Thanks so much for the ideas. I'm all for a second opinion, way out here in the boonies we have only ONE mobile vet that comes to my area, and since my trailer is ridiculously and stupidly huge it doesn't appeal to me to take her down to Indianapolis to be checked out at Purdue. I hadn't thought of sending her X-rays on to them, though, that's a good idea. I'll grab the camera and try to get some pictures of her foot to post on here tomorrow. With the mud, and being half draft she is heavily feathered so it can be hard to get a good look, but if I take a picture right after her soak I should be able to get a clear shot for you. The thrush is mostly affecting her frog itself, it just rots off. I was under the impression turn out in boots with a frog pad for some additional pressure might be good in this circumstance, but my trimmer is leaning towards wanting to cast her foot, and I'm not sure I'm on board with that. I think the mare's previous owner might have just been told she had a club foot, and just went with it - they had her less than a year and from best I can tell if she was not trimmed much in that time. After the last few months of working on it, the foot doesn't look clubbed at all, and the crack is in the back very near the heel, you have to kind of look for it. But it does continue to grow out that way, straight from the scar on her coronet so I figure that is a permanent condition. As I said, it wont be the end of the world if she can't be ridden, she's a nice enough mare to have around and she definitely throws gorgeous colts. Although she seems to have been bred back to back repeatedly, so after this spring she'll have some time off mothering as well.
Anyways, I'm just blithering now - I'll try to post some pictures tomorrow (if I can figure out how!) Thanks so much for the help!
A hoof cast works well if you still need to do some soaks. Might try something like CleanTrax or White Lightening instead of the Lysol, as the vapors will penetrate deeper than the liquid can. Worth a try, at least. The cast will help keep some phyiscal dirt away from the frog and crack, too, and add some stability to the hoof itself to give that crack a chance to fuse, if it is still possible. Sometimes with a nasty crack, if the hoof is flexed too much laterally, it can prevent it from mending. I realize that after all this time, it's probably too much to hope for in a seamless growth, but even with scar tissue, it should be able to have at least a thin seam that closes..it will always be a weak spot-the first to split and show signs of needing a trim, as you already knew. I've been working with the casts and getting really good results. Better than the old fashioned wiring together of the hoof wall, or shoes/screws and plate and epoxy.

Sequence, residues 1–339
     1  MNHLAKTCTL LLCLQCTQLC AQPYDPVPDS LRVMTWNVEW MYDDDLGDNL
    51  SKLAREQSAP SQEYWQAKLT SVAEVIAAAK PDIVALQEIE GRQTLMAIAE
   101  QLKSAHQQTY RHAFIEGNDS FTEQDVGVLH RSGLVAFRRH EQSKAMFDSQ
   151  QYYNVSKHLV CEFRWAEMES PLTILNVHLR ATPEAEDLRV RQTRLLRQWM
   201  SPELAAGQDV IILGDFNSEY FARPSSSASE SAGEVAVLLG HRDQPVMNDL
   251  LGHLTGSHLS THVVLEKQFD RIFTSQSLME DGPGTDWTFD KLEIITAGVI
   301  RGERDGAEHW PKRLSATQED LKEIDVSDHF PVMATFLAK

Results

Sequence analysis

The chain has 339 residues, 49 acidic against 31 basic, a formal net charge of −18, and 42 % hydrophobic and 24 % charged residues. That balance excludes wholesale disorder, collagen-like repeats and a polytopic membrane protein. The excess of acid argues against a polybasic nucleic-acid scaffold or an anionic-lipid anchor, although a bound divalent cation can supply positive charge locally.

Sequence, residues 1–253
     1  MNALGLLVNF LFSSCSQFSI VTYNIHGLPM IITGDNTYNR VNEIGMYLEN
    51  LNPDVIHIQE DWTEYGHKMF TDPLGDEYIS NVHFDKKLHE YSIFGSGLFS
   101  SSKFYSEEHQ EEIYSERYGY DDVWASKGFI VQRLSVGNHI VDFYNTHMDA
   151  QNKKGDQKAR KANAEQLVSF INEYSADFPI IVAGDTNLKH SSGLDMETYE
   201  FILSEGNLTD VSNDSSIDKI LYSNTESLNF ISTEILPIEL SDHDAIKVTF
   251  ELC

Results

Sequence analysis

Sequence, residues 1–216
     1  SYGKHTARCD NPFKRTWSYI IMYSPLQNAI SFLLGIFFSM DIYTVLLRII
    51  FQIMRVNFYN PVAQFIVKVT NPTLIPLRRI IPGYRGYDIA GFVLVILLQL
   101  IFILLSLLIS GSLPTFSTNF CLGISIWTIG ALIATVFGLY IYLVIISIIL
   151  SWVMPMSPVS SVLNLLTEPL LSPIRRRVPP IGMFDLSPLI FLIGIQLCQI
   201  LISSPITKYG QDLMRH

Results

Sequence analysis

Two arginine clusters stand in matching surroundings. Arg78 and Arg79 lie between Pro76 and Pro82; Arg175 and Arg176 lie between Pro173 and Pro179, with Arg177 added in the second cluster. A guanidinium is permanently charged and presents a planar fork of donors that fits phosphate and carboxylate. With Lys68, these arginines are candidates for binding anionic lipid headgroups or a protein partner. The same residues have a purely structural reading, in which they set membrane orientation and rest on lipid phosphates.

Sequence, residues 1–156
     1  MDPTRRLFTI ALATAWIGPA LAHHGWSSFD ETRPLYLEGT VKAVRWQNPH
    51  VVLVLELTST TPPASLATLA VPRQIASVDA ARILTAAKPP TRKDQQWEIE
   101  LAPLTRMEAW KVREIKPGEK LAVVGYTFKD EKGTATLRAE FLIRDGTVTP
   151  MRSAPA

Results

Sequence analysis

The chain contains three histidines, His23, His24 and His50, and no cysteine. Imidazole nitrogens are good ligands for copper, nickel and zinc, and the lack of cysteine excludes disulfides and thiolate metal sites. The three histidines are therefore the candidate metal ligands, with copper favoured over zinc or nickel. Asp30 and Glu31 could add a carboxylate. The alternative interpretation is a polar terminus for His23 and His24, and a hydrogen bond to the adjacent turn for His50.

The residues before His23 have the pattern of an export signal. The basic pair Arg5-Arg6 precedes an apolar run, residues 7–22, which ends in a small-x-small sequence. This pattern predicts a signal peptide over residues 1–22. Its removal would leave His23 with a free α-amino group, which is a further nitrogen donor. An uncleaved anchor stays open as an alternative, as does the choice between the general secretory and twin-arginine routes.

Try the Clean Trax..it works! Casting would also relieve you of having to boot on/off every day. Your trimmer can apply pads with it, but for the sake of thrush, I'd leave them off. Too much stimulation before the thrush is knocked out can also just make her favor it anyway, so you would be spinning your wheels, so to speak.
Okay, I managed to get some pictures this morning of Freyja's bad foot while I was soaking her. They aren't great pictures - she was not pleased about it and I am not good at taking pictures of feet! But anyways here they are...
Her hoof looks relatively normal from this angle...still working her feet back from being so long but a huge improvement since she got here.
But you get to the outside of the foot and you can see the crack - it actually looks worse right now than normal because she popped part of the separated piece off the other day running in the pasture - it normally does just look like a crack, not the grand canyon like it looks like now! In the last picture I put up, you can see a bit of how it normall looks up at the top.
And from underneath, you can REALLY see how rotten her frog is, as well as the yucky bits still shedding off from her heel bulbs where she had the recent abscess - the abscess was in the central cleft between the heel bulbs, and after it drained off almost all of her frog fell off. She does have some false sole she is shedding off right now - at her last trim her trimmer elected to leave it and let it come off on it's own, giving her whatever extra protection she can use. Despite appearances she actually has a very nice, concave sole and good depth to her grooves.
She is due for her next trim the week after next (I keep the hoof wall rolled myself on a weekly basis, but I don't know enough about barefoot trims to feel comfortable with anything but weekly light rasping, my trimmer handles everything else.)
Her heel on the one side is huge, I think she's bearing more weight on that side to compensate. Never saw something like that. I would get hoof putty and try to reconstruct it. I've never herd of casting a hoof. What dose that entail?
her heel on the one side is huge, I think she's bearing more weight on that side to compensate. Never saw something like that. I would get hoof putty and try to reconstruct it. I've never herd of casting a hoof. What dose that entail?
She does bear more weight on that side. A lot of it is still bringing back what was so overgrown, her feet were so long when I got her and my trimmer hasn't wanted to take too much at once and do her in. At a walk she is fine, but she turns that foot out a bit at a trot, and she also has difficulty turning to the left on her "bad" days. Her bars are so overgrown, I am not sure why my trimmer doesn't do anything about it, I guess maybe she leaves them for additional support? (As I said, I'm still learning about barefoot trimming, I don't know much yet).
I am not really expecting that the crack can be healed, if you look in the last picture you can kind of see the pink scar that runs through her coronet and on up, I have just had the impression the crack is permanent, her hoof just grows out of the coronet with that crack, so I don't know if putty would help...
Putty would help create a more stable area for new hoof growth. She may bear weight more evenly if something is filling the crack. I've never herd of a permenant crack in the hoof but anything is possible.